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Fragments (Penguin Classics) Paperback – 29 Jul 2008

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Product details

  • Paperback: 128 pages
  • Publisher: Penguin Books; Bilingual edition (29 July 2008)
  • Language: English, Greek
  • ISBN-10: 0142437654
  • ISBN-13: 978-0142437650
  • Product Dimensions: 12.4 x 0.8 x 19.6 cm
  • Average Customer Review: 2.0 out of 5 stars  See all reviews (2 customer reviews)
  • Amazon Bestsellers Rank: 347,255 in Books (See Top 100 in Books)

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Product Description

Fragments of wisdom from the ancient world In the sixth century b.c.-twenty-five hundred years b....

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When the iron hoe was a new invention, Pythagoras saw mathematical logic as a language of cosmic prophecy. Read the first page
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26 of 30 people found the following review helpful By Mr. Matthew C. Stuart-White on 8 Nov. 2008
Format: Paperback
The book predominately consists of the fragments themselves presented in a helpful translinear fashion with plenty of margin-space for notes. In this respect it does well.

The foreward however sheds light on the authors' biased reading of Heraclitus as an ancient proponent of postmodernism! The translation, in parts, shares this same bias. Heraclitus speaks of The Logos, which is truth shared between all humanity, if only they will wake up to look upon it. The individual worlds of men are dreamlike dellusions, he says. In my opinion Heraclitus was the anti-thesis of a postmodernist.

But nevermind, highly usable and superbly layed-out. Look elsewhere for a sensible commentary.
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19 of 23 people found the following review helpful By sanyata on 3 Feb. 2010
Format: Paperback
Not only do the author's misinterpret Heraclitus, their translations are also WRONG. Get Charles Kahn's academic translation instead.
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Most Helpful Customer Reviews on (beta) 16 reviews
151 of 154 people found the following review helpful
Not a translation, but renderings into 20th century New Age talk 6 Sept. 2005
By Christopher Culver - Published on
Format: Paperback
Heraclitus' FRAGMENTS come here in the original with a facing-page translation by Brooks Haxton that tries to do to the pre-Socratic philosopher what no earlier translator has done, make him a New-Ageish wisdom poet in tune with our modern needs. It is a disastrous experiment, and I cannot recommend it either to students of Greek or readers interested in the pre-Socratics.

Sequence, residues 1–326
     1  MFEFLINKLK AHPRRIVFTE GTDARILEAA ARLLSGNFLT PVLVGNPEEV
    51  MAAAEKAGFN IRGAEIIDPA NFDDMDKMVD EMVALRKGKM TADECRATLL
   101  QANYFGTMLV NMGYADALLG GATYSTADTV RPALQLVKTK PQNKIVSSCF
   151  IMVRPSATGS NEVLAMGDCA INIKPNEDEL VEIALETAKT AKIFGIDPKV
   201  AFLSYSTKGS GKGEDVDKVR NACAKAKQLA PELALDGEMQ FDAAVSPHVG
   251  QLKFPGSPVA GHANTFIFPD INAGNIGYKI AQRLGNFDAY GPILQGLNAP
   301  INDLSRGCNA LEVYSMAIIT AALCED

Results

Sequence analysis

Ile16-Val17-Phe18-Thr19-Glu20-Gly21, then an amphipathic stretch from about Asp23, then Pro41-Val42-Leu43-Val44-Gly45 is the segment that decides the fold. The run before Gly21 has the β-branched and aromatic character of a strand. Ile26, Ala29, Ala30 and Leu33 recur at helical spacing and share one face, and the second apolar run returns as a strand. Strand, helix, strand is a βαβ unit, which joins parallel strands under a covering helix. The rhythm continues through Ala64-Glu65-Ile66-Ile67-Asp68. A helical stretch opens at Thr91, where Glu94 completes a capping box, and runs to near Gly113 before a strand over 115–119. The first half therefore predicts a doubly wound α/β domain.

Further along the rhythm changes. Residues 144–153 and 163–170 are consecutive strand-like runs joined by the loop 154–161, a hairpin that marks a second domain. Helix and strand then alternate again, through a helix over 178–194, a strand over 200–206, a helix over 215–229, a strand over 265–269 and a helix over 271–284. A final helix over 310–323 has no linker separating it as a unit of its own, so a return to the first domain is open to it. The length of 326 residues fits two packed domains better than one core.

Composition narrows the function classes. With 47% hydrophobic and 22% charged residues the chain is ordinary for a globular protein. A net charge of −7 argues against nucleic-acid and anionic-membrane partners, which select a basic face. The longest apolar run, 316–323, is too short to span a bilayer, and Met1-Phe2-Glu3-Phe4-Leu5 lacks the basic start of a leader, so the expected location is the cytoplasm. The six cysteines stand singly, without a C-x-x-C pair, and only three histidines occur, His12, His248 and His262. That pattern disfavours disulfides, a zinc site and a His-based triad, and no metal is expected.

The problems here are legion. For one, Haxton doesn't use Diels' numbering scheme, favouring Bywater's dinosaur-era numbers, which means this work is out of touch with most collections of Heraclitus. The Greek typeface used is very idiosyncratic and not conformant to classical norms. But the translation itself is horrid.

A lot of what the reader is getting here simply isn't Heraclitus. Instead of providing a footnote with his opinion on what the fragment may mean in context, as reputable scholars would do, Haxton simply adds content to the translation. Unless he were to look at the translation notes in the back, the average reader would be unaware that much of what he was reading wasn't actual said by the philsopher, but is just one modern translator's opinion. Take, for example, Haxton's rendition of the fragment "Nyktipoloi, magoi, bakchoi, lenai, mustai", which is literally translated "Night-walkers, mages, bacchants, lenai, and the initiated", but which Haxton inexplicably expands to "Nightwalker [sic], magus, and their entourage, bacchants and mystics of the wine press, with stained faces, and damp wits". One that really takes the cake is 89: "Ex homine in tricennio potest avus haberi," which simply means "A man could be a grandfather in thirty years." Haxton somehow comes up with "Look: the baby born under the new moon under the old moon holds her grandchild in her arms".

This translation is a crime. If you are interested in Heraclitus' thought, try getting a reputable scholarly translation. Dennis Sweet's HERACLITUS: Translation and Analysis (University Press of America, 1995) is quite easily readable and entertaining. Stay far away from Haxton's kookish work.
43 of 44 people found the following review helpful
At Least it Has The Greek 12 May 2006
By Ben Hoffman - Published on
Format: Paperback
If you know Greek, and don't care about using it as a reference work, this is a good, inexensive edition. It contains the fragments in Greek.

On the pages opposite the Greek, though, is not a translation. Instead, it is an adaptation into English. This adaptation is occasionally inspired, often mediocre, and almost never what Heraclitus said.
26 of 26 people found the following review helpful
Abandoned in "Translation" 11 Aug. 2007
By benjamin - Published on
Format: Paperback